During this lockdown period part of my day requires me to head out onto the reserve, not only to keep up a presence and to monitor the property, but also to find sightings to share with our guests who cannot be with us during this time. It truly is a privilege for me to be able to do this during a lockdown where so many others are confined within their homes.
On a misty afternoon a few weeks ago, my fiancé and I headed out for an afternoon drive searching the banks of the Sand River for tracks of a pride I had heard calling the night before. Currently there are several prides that hold territory on the concession, however, the Mhangeni pride in particular tend to spend most of their time in closer proximity to the lodge.
Kate and I switched the Land Rover off under a massive jackalberry tree, which I would imagine is likely five times older than I am, and watched as the river raged past us. Below us lay a vast stretch of white sandy beach where we could clearly see the large paw prints of the cats which had crossed through the deep water to explore the southern section of their territory.
After following the tracks for some time, I stopped the Land Rover again to admire a herd of elephant drinking from a pool of water so close that you could hear the water moving down their throats. A peaceful and serene moment was suddenly interrupted by the cackling and laughing of hyenas. We started up the engine and raced up toward the Singita airstrip. A clan of six spotted hyenas were arguing with each other over the remains of a zebra that had been killed by lions the previous night. Hyenas are good hunters, however in the Sabi Sand region where there are so many other apex predators, they tend to take the easier route and scavenge for their meals.
We figured that the lions couldn’t be too far away so headed further up the airstrip and, to our amazement, found them – the entire Mhangeni pride as well as the resident dominant Othawa male lion all sleeping with enlarged bellies right in the middle of the airstrip! The lions had brought down and eaten the adult zebra in the space of one evening, a truly impressive feat. Interestingly it happened right there on the tarmac. I asked myself whether it might be a coincidence or do lions perhaps understand that by chasing prey across such a surface it could lead to the animal slipping, and ultimately making their job a lot easier. I can’t really be sure however I have witnessed similar sightings in the Kruger National Park on a few different occasions so there may be some truth to it.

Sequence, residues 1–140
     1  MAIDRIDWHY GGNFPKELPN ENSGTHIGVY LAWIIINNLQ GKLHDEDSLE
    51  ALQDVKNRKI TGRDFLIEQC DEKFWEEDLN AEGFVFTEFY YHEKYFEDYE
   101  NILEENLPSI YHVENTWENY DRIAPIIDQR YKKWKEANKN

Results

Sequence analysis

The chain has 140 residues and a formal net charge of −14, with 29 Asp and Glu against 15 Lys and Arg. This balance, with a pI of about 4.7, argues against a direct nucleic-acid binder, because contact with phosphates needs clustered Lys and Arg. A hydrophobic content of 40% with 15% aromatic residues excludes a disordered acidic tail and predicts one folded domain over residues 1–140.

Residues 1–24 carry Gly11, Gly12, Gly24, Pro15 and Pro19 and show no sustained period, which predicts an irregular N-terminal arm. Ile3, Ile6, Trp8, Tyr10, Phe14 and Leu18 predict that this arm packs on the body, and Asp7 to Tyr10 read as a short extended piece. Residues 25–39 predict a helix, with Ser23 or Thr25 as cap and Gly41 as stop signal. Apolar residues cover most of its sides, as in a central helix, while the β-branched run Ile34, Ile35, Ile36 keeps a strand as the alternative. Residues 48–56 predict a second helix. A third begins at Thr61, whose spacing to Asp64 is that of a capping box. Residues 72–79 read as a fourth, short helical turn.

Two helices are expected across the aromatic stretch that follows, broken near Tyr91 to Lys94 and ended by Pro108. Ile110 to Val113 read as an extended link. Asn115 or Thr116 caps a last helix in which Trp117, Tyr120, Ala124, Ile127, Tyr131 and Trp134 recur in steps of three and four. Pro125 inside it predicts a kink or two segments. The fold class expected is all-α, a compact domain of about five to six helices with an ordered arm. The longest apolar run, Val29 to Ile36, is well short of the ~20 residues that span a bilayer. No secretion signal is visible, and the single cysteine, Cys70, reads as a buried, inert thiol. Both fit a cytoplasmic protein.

We sat with the pride as they slept, in the hope that they might all at some point get up and head towards the nearby waterhole. Thankfully our patience was rewarded and the entire pride started to stretch and yawn, which more often than not is an indication that they are likely to start moving. One by one the animals began to stir and then move until they were all striding down the centre of the airstrip straight towards us. When in the presence of these magnificent creatures so many emotions come over you, particularly when they pass quite literally within two feet of your vehicle as if you weren’t even there. It was a truly powerful experience and one that will not easily be forgotten.
Watching this incredible sight unfold on the airstrip made me think of the traffic that usually frequents the tarmac – our guests from around the world. Due to the Covid-19 pandemic, it has been six weeks since the last guest arrived and they have been sorely missed. We cannot wait to have them return and to again share with them these incredible moments.